Welcome back to the dancer blog, this week we’re looking at a common cause of hip pain that most dancers have experienced at one time or another: snapping hip syndrome. Snapping hip syndrome is caused by muscular tightness resulting in soft tissue compression and is almost always accompanied by a “snapping” or “popping” sound as well as pain in the hip. There are three types of snapping hip syndrome: Internal, External and Cartilage Injury. The location of pain and snapping can indicate which type a dancer is experiencing.
Let’s start with the internal type. This occurs along the anterior aspect or front of the hip. This happens when either: the iliopsoas (a large muscle belly that forms from the fusion of the iliacus and psoas muscles) tightens, causing it to rub against a part of the pelvic bone called the “iliopectineal eminence.” It can also occur when the rectus femoris (the largest of the four quadriceps muscles that lays closest to your hip) tightens, causing it to rub against the femoral head of the femur (the ball portion of the ball and socket joint that is the hip).
Symptoms of internal snapping hip syndrome include: popping or snapping along the front of the hip when moving the leg, pain along the front of the hip and into the groin region or pain with repetitive leg movements and activity. For dancers, pain often occurs when performing steps such as tendus or battements to the back. Movements such as dégagé, attitude derrière and développé derrière will frequently cause pain with this condition. The key with internal snapping hip syndrome is pain and snapping along the front of the hip caused by movements to the back.
Next we have the external type. External snapping hip syndrome results from tightness and compression along the lateral aspect or outside of the hip. This happens when either the iliotibial (IT) band OR the gluteus maximus muscle tightens, causing it to rub against the outside of the femur (thigh bone) called the greater trochanter.
Symptoms of external snapping hip syndrome include: snapping or popping along the outside of the hip, pain along the outside of the hip or feeling as if the hip will pop out of socket when it snaps. I should note at this point that external snapping hip syndrome will not actually cause the hip to pop out of socket! Additionally, the external type can also be seen along the outside of the hip. When the snapping occurs, the skin along the outside of the hip will often visibly shudder. The key with external snapping hip syndrome is pain and snapping along the outside of the hip caused by hip movements to either the front or the back. For dancers this means the same movements mentioned previously could cause pain but now the pain can occur when these movements are performed either derrière or devant.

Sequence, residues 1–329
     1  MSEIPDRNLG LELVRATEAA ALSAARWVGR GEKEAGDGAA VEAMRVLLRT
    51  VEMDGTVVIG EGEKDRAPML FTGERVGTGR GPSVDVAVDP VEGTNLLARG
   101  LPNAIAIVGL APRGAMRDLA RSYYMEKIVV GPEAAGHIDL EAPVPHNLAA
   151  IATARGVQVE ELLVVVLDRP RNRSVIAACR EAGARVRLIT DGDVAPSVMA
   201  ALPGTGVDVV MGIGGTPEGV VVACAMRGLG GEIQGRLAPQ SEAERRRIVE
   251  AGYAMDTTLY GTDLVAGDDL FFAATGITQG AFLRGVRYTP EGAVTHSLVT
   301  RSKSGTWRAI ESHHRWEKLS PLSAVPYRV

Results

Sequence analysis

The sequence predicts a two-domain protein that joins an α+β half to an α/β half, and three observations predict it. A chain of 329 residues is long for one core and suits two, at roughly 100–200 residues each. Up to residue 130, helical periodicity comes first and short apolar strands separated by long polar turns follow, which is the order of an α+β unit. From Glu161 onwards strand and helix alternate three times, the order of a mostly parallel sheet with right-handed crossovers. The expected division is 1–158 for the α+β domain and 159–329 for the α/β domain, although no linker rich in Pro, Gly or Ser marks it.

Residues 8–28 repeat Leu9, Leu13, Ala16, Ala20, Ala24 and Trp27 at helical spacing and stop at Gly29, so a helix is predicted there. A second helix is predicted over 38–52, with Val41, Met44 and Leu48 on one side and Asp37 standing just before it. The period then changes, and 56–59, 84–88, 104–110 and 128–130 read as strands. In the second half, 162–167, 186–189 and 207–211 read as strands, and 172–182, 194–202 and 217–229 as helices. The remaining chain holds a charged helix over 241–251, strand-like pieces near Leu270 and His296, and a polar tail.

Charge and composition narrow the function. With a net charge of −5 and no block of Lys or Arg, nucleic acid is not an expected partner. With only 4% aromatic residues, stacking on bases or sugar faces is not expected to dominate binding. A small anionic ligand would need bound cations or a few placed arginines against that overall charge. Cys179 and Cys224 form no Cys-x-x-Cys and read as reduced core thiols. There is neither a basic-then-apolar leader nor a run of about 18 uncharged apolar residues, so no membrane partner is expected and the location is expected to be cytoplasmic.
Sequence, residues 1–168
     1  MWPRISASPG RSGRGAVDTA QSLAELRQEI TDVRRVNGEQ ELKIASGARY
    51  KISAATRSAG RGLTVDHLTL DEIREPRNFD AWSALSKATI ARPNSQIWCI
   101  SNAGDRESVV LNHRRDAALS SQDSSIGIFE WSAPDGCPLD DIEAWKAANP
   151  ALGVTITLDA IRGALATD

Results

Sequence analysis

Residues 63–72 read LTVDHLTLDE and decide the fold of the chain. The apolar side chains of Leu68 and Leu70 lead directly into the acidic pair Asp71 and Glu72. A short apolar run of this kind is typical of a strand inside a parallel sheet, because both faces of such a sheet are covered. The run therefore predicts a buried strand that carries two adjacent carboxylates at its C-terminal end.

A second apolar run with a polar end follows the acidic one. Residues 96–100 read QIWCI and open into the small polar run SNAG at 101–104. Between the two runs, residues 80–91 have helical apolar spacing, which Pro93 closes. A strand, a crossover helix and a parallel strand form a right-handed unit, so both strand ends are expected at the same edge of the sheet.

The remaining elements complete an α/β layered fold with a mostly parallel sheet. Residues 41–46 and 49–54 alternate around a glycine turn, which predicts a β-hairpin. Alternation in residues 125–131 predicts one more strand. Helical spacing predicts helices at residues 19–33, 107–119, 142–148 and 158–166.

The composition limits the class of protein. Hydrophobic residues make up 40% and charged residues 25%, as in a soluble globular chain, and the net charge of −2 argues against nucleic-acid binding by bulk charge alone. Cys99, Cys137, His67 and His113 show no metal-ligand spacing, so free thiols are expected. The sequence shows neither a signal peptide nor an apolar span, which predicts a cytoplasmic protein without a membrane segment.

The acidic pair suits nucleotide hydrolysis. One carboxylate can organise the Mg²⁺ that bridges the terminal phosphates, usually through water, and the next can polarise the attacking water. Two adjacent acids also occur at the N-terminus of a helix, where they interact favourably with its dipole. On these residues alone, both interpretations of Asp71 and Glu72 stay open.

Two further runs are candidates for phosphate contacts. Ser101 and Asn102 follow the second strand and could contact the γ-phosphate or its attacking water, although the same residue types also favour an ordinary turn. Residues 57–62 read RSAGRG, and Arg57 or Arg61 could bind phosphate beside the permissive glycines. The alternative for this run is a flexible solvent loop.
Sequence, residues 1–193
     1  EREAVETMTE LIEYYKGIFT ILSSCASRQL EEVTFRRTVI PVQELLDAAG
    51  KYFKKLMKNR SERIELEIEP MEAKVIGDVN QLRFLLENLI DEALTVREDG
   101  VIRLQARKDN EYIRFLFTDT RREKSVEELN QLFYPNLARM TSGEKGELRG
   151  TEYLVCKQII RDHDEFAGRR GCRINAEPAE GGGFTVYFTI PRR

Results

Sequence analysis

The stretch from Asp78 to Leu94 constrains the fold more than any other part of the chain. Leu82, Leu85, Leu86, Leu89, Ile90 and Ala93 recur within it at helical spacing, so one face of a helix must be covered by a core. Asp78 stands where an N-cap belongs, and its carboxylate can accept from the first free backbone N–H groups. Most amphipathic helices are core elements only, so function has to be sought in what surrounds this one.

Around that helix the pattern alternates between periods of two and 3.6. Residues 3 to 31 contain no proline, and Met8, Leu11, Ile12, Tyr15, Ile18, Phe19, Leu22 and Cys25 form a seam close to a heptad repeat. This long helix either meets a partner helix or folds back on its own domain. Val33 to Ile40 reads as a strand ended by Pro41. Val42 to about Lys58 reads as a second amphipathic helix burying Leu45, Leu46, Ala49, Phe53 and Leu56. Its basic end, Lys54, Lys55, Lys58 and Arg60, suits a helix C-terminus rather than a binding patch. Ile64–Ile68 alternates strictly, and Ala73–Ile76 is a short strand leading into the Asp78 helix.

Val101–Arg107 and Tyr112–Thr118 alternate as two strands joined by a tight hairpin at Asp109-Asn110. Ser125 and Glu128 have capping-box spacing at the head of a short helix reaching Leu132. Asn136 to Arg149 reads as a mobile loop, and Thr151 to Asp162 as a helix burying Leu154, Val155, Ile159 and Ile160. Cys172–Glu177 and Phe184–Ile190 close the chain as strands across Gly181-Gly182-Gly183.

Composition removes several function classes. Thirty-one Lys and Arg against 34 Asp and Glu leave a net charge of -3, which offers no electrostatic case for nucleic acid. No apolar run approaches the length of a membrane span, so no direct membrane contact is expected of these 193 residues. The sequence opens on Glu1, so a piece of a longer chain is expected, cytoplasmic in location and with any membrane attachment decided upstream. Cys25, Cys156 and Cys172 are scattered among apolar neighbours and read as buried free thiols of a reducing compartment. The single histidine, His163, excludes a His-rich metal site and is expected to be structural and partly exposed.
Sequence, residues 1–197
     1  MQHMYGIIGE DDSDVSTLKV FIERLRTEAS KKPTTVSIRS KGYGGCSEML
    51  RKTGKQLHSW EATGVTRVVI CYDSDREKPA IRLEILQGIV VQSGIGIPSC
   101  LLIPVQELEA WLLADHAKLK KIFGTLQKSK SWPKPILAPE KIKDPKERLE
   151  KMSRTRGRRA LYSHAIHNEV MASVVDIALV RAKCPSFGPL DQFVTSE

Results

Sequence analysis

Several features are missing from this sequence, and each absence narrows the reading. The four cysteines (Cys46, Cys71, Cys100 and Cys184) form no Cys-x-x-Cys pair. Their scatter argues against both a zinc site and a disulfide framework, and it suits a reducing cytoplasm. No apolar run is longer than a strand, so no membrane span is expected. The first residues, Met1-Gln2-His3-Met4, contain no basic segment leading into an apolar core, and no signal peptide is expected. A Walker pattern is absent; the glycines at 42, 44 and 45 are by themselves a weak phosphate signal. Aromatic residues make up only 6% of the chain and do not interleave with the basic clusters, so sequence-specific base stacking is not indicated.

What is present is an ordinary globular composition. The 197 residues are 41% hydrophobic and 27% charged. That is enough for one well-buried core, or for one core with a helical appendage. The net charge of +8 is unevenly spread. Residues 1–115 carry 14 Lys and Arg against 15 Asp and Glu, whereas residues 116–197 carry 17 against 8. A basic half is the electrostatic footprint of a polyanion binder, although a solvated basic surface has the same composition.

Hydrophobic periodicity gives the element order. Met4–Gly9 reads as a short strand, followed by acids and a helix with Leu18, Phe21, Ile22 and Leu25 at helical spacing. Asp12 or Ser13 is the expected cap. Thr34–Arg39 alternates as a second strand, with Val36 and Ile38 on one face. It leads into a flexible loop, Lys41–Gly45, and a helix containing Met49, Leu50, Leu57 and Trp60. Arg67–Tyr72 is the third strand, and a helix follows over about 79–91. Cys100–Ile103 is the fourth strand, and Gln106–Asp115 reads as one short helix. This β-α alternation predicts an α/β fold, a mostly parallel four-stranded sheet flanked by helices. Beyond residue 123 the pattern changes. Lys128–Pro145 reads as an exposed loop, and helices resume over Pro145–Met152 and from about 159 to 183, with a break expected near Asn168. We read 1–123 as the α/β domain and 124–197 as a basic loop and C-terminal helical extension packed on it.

Lastly, we have a type of snapping hip syndrome caused by damage to the cartilage deep within the hip joint. Now there are many different kinds of cartilaginous tissues located within the hip joint so this variant is a little more complex than the other two. Damage or tearing of the acetabular labrum (hey make sure to check out my blog on acetabular labrum tears), damage or tearing to the articular cartilage or loose bodies (tiny bone fragments) located in the joint space can each cause pain, snapping and popping deep within the hip.
Because this type is caused by damage to cartilage which lines the entirety of the hip joint, pain, popping and snapping can occur anywhere in the hip. As a result, the key with this variant isn’t where the pain is but rather the presence of a catching sensation within the hip that limits the hip’s overall range of motion. While there may be a desire to limit the range of motion of certain irritating dance steps with the internal and external types, a dancer suffering from either of those will still BE ABLE to move through a full range of motion.
With cartilage damage, this may not always be the case. OF COURSE sometimes even with cartilage damage, dances will still experience a full range of motion. Isn’t that frustrating! So how do you know what’s causing your hip to pop and snap? Tune in next month when we continue our discussion on snapping hip syndrome with Part 2 where we will be discussing diagnosis and treatment options for this condition.
In the meantime, let’s get to this month’s dancer shout out! This month we’re giving a shout out to Natalia Serra. Natalia is originally from Campinas – SP, Brazil. She grew up dancing at the Iris Ativa-Lina Penteado ballet school. From 2013-2016 Natalia trained at and ultimately graduated from the Miami City Ballet School. Throughout her career she has performed numerous principal and soloist roles including; the Black Swan (Swan Lake), Kitri (Don Quixote) and Gamzatti (La Bayadere). She is currently in her sixth season at the New York State Ballet Company where she will be performing the role of Sugar Plum Fairy during the company’s upcoming production of the Nutcracker. Make sure to check her out December 17-19th at Roberts Wesleyan Theater. The company will be performing with a live orchestra and tickets are available for in person viewing or digitally via live stream. Go to newyorkstateballet.org to get your tickets today!